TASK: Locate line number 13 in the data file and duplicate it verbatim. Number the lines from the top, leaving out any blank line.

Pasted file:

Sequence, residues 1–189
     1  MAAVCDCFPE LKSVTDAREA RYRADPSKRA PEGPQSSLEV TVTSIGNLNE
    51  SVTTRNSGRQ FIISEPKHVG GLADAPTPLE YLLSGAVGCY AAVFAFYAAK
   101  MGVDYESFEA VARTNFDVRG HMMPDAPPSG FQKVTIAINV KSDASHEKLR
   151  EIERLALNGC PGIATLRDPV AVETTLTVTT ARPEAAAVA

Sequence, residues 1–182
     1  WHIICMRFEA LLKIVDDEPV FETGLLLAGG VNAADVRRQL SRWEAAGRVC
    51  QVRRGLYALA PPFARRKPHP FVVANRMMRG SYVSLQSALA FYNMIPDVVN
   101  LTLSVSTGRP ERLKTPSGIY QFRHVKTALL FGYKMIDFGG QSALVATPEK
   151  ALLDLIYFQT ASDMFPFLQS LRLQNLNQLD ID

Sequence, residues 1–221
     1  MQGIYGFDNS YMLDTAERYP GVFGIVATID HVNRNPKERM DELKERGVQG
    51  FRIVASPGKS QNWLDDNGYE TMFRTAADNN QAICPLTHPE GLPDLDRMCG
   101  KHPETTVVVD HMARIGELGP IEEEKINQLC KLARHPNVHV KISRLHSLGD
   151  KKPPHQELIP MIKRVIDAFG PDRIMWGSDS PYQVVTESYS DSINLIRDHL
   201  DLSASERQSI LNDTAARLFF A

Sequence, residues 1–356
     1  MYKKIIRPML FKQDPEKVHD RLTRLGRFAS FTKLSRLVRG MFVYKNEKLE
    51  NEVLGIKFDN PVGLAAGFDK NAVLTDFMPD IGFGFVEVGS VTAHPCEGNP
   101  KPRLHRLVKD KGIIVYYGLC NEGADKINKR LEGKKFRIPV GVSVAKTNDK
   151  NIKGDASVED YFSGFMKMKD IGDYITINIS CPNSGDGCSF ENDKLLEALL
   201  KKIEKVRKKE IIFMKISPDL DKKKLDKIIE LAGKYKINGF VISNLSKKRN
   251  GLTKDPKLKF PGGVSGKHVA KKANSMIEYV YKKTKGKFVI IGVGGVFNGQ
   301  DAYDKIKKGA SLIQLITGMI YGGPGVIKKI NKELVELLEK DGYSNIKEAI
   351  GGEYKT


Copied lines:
    51  FRIVASPGKS QNWLDDNGYE TMFRTAADNN QAICPLTHPE GLPDLDRMCG